“Her contemporaries did not know quite what to make of this,” writes historian Gertrude Himmelfarb in The Jewish Odyssey of George Eliot. In scholarly fashion, Himmelfarb refrains from too explicitly blaming the novel’s critical reception on the anti-Semitism then—and still—modish in England. Indeed, she absolves the book’s best-known detractor, the twentieth-century British critic F. R. Leavis, of bigotry. Like many readers, Leavis divided Daniel Deronda in half. He approved of the parts relating to Gwendolen Harleth, the spoiled young woman who is one of the novel’s two main characters. But to Leavis, the parts relating to Daniel Deronda himself, which also contained the novel’s Jewish elements, constituted “astonishing badness.” Leavis famously attempted to publish an edition of Daniel Deronda that expurgated the Jewish parts; less famously, Himmelfarb tells us, “some enthusiastic Jewish readers performed that ‘surgery’ in reverse, publishing a Hebrew translation without the Gwendolen distraction.”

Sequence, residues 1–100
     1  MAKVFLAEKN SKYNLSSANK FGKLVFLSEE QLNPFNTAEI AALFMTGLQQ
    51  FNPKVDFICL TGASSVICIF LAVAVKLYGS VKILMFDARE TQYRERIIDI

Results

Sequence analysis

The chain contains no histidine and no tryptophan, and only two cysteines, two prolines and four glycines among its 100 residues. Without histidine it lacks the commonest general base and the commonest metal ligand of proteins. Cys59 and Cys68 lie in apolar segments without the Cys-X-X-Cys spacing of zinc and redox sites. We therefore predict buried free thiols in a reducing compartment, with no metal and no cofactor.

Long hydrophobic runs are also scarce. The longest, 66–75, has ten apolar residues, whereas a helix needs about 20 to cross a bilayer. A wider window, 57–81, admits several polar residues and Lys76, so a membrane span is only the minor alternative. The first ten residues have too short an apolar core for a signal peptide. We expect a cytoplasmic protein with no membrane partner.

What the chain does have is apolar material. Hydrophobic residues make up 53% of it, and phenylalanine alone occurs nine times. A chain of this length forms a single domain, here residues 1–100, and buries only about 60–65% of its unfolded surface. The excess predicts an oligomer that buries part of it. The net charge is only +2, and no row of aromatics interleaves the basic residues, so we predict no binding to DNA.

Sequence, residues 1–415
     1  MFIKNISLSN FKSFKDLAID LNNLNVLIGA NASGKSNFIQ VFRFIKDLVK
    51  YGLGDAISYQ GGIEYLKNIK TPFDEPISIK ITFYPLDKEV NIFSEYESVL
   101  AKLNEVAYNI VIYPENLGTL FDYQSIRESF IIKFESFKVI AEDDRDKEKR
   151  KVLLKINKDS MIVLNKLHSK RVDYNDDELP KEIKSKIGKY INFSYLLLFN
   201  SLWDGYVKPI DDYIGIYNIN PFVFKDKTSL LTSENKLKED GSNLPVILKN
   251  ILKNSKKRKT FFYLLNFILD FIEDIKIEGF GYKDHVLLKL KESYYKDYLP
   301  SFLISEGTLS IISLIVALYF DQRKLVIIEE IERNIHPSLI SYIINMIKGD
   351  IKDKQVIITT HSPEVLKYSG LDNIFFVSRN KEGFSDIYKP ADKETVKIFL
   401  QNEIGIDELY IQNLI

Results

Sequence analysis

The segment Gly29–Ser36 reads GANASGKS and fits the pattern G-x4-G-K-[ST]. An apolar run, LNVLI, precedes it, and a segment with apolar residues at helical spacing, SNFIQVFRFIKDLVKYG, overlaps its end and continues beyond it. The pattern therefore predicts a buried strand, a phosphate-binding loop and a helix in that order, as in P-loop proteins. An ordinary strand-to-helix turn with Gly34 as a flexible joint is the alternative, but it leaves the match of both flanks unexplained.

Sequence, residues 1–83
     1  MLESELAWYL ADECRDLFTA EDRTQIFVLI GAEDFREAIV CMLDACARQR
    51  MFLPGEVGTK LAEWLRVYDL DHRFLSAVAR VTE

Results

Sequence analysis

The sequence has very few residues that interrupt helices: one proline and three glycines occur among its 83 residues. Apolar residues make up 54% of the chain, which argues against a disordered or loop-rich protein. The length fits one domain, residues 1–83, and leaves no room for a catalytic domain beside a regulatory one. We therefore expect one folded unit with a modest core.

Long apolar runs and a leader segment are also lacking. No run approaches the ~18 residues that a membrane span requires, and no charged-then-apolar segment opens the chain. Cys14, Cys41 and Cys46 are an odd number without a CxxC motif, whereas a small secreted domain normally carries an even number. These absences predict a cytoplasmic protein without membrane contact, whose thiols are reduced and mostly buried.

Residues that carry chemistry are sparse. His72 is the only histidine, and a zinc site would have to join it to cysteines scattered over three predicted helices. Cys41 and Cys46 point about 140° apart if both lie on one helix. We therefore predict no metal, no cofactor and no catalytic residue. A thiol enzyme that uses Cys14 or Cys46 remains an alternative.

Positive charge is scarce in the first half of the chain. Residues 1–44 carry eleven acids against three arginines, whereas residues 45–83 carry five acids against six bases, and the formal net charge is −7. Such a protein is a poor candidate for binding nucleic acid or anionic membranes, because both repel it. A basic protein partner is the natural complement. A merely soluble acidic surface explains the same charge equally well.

From a purely literary point of view, criticism that praises the Gwendolen episodes while heaping scorn on the Deronda episodes is deeply mistaken. Such a division ignores the threads that, as Eliot herself emphasized, connect the two protagonists (“I meant everything in the book to be related to everything else there,” she wrote). For instance, both characters begin the novel with no great sense of purpose—Gwendolen forever proclaiming her ignorant boredom with the world, Deronda not too ignorant but too open-minded to commit himself to a career. (“His imagination had so wrought itself to the habit of seeing things as they probably appeared to others, that a strong partisanship, unless it were against an immediate oppression, had become an insincerity for him.”) The ensuing episodes do away with both characters’ purposelessness, painfully teaching Gwendolen morality and giving Daniel a specific mission into which he can finally throw his energy. Daniel Deronda was, in this sense, a fitting sequel to Middlemarch, which had explored the lot of those who failed at the mighty projects dictated by their high ambitions; in her last novel, Eliot addressed the equally complicated problem of those whose ambitions wavered to begin with.